By Reem Shamseddine
RAS AL-KHAIR, Saudi Arabia (Reuters) – Saudi Arabia’s King Salman underlined the kingdom’s intention to invest heavily in speeding up is diversification away from oil exports with the inauguration on Tuesday of a $35 billion mining and minerals processing complex.
Riyadh has tried to reduce the economy’s reliance on oil for decades, but the challenge has become particularly urgent in the past couple of years as low prices have pushed state finances deep into deficit and growth has slowed sharply.
King Salman and his top ministers visited the complex at Ras al-Khair on Saudi Arabia’s eastern coast, where energy minister Khalid al-Falih said the government would invest in all available resources to develop strategic industries.
The vast complex showcases the government’s ability to use its oil wealth to push big industrial projects, but also shows how dependent the economy remains on state spending in the absence of a dynamic private sector. Most of the $35 billion invested so far was arranged by the government.
Projects include a $5.6 billion phosphate complex which produces fertilizer and chemicals and is operated by Saudi Arabian Mining Co (Ma’aden) <1211.SE> in partnership with petrochemical giant Saudi Basic Industries Corp (SABIC) <2010.SE>; both companies are majority state-owned.
A $10.8 billion aluminum facility is operated by Ma’aden and U.S. firm Alcoa <AA.N>, while the complex also features a 1,400 kilometer (875 mile) railway link, a port, and desalination and power plants.
Economic reform plans announced earlier this year aim to expand the mining sector’s contribution to gross domestic product to 240 billion riyals ($64 billion) by 2030 from 64 billion riyals at present.
“Jubail was where the Saudi petrochemicals industry started with SABIC – Ras al-Khair is becoming just that for the mining industry,” said Fadl al-Bouainain, a prominent Saudi economist.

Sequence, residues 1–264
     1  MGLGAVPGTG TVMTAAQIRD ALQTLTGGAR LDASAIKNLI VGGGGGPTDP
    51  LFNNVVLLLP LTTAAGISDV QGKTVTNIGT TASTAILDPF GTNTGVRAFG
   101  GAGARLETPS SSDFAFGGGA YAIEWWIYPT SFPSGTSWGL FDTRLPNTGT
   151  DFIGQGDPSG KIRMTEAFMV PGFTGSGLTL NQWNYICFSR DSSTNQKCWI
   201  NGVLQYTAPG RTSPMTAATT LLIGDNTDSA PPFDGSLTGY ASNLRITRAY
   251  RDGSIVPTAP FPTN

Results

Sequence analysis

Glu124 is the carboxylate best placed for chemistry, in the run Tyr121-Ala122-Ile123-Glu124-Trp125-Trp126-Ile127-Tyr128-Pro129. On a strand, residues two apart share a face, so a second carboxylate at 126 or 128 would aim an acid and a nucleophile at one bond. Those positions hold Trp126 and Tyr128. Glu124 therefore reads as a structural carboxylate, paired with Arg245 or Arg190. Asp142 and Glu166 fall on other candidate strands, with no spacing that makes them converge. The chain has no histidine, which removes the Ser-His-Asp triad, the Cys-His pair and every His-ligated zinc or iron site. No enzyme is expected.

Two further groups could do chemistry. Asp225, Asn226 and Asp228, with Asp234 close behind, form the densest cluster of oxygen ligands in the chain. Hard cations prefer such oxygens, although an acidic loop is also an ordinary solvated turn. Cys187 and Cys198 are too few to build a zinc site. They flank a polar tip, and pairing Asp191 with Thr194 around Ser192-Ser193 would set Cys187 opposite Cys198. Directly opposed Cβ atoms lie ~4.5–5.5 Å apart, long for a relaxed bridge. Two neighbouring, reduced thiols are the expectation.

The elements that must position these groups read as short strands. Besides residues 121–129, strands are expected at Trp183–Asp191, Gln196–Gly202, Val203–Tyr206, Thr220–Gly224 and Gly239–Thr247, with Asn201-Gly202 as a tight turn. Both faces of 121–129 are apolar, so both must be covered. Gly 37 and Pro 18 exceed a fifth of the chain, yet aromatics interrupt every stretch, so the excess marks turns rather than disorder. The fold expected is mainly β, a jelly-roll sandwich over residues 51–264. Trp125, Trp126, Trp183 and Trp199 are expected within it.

With its spending constrained by low oil prices, however, the government concedes it will have to rely more in future on private sector investment by local and foreign firms, and it has not yet fully made clear how it hopes to attract that money.
“The key question Saudi Arabia will need to answer is how quickly they want to develop the mining sector, how much they want foreign investors to participate, and the risks and rewards they would offer to investors and retain for the government,” said Paul Robinson, director at mining consultancy CRU Group.
One of the next big projects planned for Ras al-Khair is the construction of a huge ship repair and shipbuilding complex costing over 20 billion riyals; construction is to start in 2018 and commercial operations in 2022.
State oil giant Saudi Aramco <IPO-ARMO.SE> is leading the project, which is to provide engineering, manufacturing and repair services for offshore rigs and commercial vessels – work that until now has largely been done outside the kingdom.
The project may face heavy competition from existing shipbuilding centers in South Korea and elsewhere, but Aramco estimates that it will create 80,000 jobs directly and indirectly while allowing Saudi Arabia to reduce its imports by $12 billion annually.
(Additional reporting by Marwa Rashad; Writing by Andrew Torchia; Editing by Alexander Smith)